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585pll [2007/09/04 12:37]
n5na
585pll [2015/02/09 10:37] (current)
n1eu
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 Pressing on the board or flexing it can sometimes cause the problem. Other symptoms are distorted received SSB signals or warbly CW tones. Pressing on the board or flexing it can sometimes cause the problem. Other symptoms are distorted received SSB signals or warbly CW tones.
  
-Also check the VCO for each band. There is a test point at the junction of Q1-C and Q3-C. The test point voltage will range from about 2.8 V to 7.6 V DC fron the low to the high end of the VCO range. You can tweak the slugs in the VCO cans to alighn ​them. Count the VCO shield cans from left to right when loooking at the board with the rigs front panel facing you. The VCO ranges are a follows:+Also check the VCO for each band. There is a test point at the junction of Q1-C and Q3-C. The test point voltage will range from about 2.8 V to 7.6 V DC from the low to the high end of the VCO range. You can tweak the slugs in the VCO cans to align them. Count the VCO shield cans from left to right when loooking at the board with the rigs front panel facing you. The VCO ranges are a follows:
  
   - 22-30 MHz   - 22-30 MHz
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 VCo's are selected by voltages on connector 90 (left to right 1,2,3,4). Each connector pin will go to 0 V when that VCO is selected. The pins corresponding to the unselected VCO will remain at 5 V. VCo's are selected by voltages on connector 90 (left to right 1,2,3,4). Each connector pin will go to 0 V when that VCO is selected. The pins corresponding to the unselected VCO will remain at 5 V.
  
-In some cases you may need to resolder the connections on the minor loop board. This is tedious, because the shield on the bottom of the board has to be unsoldered and removed to get at the connections. If you do this, save yourself a repeat ​ operation by esoldering ​the entire board.+In some cases you may need to resolder the connections on the minor loop board. This is tedious, because the shield on the bottom of the board has to be unsoldered and removed to get at the connections. If you do this, save yourself a repeat ​ operation by resoldering ​the entire board.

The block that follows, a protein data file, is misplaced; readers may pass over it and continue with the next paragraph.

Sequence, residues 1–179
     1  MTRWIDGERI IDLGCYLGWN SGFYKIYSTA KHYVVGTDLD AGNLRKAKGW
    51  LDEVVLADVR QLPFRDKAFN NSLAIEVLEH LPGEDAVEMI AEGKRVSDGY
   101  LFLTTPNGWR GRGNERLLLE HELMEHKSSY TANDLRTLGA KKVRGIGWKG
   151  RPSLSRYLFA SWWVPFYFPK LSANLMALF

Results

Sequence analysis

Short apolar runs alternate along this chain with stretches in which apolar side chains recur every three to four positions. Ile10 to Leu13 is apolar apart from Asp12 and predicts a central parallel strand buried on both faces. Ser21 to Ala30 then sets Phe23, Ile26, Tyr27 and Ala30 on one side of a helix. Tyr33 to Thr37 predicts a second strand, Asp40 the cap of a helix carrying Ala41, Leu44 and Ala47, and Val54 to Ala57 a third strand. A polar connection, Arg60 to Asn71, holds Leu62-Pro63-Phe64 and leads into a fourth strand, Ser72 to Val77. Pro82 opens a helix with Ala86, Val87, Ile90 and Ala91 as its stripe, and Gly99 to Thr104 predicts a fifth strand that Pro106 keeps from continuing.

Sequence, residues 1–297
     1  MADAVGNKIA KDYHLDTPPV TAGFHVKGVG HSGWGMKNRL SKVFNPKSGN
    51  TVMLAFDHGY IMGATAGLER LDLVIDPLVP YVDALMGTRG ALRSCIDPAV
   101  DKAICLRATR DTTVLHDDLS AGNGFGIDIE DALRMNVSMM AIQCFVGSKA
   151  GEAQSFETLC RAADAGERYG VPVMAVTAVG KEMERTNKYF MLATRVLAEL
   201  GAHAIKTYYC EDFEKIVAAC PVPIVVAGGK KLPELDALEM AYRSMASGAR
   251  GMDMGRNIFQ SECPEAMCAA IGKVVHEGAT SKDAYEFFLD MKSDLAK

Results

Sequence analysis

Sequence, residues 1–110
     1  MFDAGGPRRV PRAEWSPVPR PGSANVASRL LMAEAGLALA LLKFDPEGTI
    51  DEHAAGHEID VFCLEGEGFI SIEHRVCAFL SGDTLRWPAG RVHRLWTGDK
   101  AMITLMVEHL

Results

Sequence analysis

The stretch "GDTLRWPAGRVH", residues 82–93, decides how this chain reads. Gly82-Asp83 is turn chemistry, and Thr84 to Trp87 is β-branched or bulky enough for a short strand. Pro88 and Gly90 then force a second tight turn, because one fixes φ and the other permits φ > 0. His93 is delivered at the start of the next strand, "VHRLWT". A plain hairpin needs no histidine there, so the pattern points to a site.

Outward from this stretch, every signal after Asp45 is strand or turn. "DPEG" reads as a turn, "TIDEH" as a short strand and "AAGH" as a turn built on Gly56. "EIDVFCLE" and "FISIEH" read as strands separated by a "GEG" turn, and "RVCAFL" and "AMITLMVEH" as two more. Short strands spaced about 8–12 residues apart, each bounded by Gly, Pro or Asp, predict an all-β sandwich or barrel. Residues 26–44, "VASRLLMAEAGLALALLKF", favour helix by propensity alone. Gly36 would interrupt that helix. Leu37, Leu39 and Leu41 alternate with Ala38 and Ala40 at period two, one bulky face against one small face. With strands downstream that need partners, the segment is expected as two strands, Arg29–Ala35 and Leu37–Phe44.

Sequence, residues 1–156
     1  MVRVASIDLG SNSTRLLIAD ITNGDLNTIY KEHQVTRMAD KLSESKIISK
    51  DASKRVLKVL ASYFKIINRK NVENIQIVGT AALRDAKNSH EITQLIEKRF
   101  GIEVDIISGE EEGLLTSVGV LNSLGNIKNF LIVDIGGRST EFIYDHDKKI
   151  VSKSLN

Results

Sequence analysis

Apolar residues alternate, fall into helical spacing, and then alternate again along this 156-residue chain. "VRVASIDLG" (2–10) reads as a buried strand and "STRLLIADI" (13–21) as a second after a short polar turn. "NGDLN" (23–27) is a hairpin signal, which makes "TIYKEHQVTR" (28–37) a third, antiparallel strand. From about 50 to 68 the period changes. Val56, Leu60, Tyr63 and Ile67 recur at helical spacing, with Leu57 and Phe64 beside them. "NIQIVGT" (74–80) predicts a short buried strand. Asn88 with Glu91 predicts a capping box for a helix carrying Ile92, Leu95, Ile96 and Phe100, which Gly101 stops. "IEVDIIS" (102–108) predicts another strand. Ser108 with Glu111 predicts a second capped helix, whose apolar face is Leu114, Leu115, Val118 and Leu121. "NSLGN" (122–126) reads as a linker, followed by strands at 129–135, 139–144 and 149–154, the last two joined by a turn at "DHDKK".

-I found that some of the little transformers,​ the ones with the ferite ​cores an colored wire wound through them, were microphonic when I poked at them. The cure was to flow some clear nail polish into them. Q-dope or epoxy should also work well, provided it can flow into the holes in the core. Some of the aluminum electrolytic capacitors were also microphonic. I replaced them with tantalum types.+I found that some of the little transformers,​ the ones with the ferrite ​cores and colored wire wound through them, were microphonic when I poked at them. The cure was to flow some clear nail polish into them. Q-dope or epoxy should also work well, provided it can flow into the holes in the core. Some of the aluminum electrolytic capacitors were also microphonic. I replaced them with tantalum types.
  
 Lastly, and maybe you should try this first, some Paragons had a tiny trim pot on U3 on the major loop board. THis pot is sensitive and a small rotation will cause the PLL to go in and out of lock. Adjust the pot for a voltage of 3.2 V at the wiper, or set it to the middle of its lock range. The second thing to try is VCO alignment, but don't be surprised if you have to resolder all of the connections on the board anyway. Lastly, and maybe you should try this first, some Paragons had a tiny trim pot on U3 on the major loop board. THis pot is sensitive and a small rotation will cause the PLL to go in and out of lock. Adjust the pot for a voltage of 3.2 V at the wiper, or set it to the middle of its lock range. The second thing to try is VCO alignment, but don't be surprised if you have to resolder all of the connections on the board anyway.

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